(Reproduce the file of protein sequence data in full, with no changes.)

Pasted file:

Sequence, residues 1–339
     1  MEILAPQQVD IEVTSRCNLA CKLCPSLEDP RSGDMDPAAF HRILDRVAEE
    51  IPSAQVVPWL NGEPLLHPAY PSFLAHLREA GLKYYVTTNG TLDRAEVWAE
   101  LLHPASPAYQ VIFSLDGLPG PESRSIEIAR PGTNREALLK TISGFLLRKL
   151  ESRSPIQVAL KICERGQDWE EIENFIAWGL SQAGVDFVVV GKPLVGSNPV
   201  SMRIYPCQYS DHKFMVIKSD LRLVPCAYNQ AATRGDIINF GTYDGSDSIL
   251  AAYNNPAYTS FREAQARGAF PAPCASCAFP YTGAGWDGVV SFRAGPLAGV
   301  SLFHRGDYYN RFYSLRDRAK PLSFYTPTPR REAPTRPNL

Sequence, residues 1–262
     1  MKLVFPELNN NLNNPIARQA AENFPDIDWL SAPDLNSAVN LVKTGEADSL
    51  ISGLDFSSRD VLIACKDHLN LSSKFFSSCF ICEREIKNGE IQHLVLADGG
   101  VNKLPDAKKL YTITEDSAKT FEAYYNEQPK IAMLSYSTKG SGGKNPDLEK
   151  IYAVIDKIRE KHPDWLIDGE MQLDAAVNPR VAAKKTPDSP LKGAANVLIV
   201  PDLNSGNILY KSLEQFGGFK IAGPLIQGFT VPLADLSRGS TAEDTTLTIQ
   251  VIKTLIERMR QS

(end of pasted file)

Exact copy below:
Sequence, residues 1–339
     1  MEILAPQQVD IEVTSRCNLA CKLCPSLEDP RSGDMDPAAF HRILDRVAEE
    51  IPSAQVVPWL NGEPLLHPAY PSFLAHLREA GLKYYVTTNG TLDRAEVWAE
   101  LLHPASPAYQ VIFSLDGLPG PESRSIEIAR PGTNREALLK TISGFLLRKL
   151  ESRSPIQVAL KICERGQDWE EIENFIAWGL SQAGVDFVVV GKPLVGSNPV
   201  SMRIYPCQYS DHKFMVIKSD LRLVPCAYNQ AATRGDIINF GTYDGSDSIL
   251  AAYNNPAYTS FREAQARGAF PAPCASCAFP YTGAGWDGVV SFRAGPLAGV
   301  SLFHRGDYYN RFYSLRDRAK PLSFYTPTPR REAPTRPNL

Sequence, residues 1–262
     1  MKLVFPELNN NLNNPIARQA AENFPDIDWL SAPDLNSAVN LVKTGEADSL
    51  ISGLDFSSRD VLIACKDHLN LSSKFFSSCF ICEREIKNGE IQHLVLADGG
   101  VNKLPDAKKL YTITEDSAKT FEAYYNEQPK IAMLSYSTKG SGGKNPDLEK
   151  IYAVIDKIRE KHPDWLIDGE MQLDAAVNPR VAAKKTPDSP LKGAANVLIV
   201  PDLNSGNILY KSLEQFGGFK IAGPLIQGFT VPLADLSRGS TAEDTTLTIQ
   251  VIKTLIERMR QS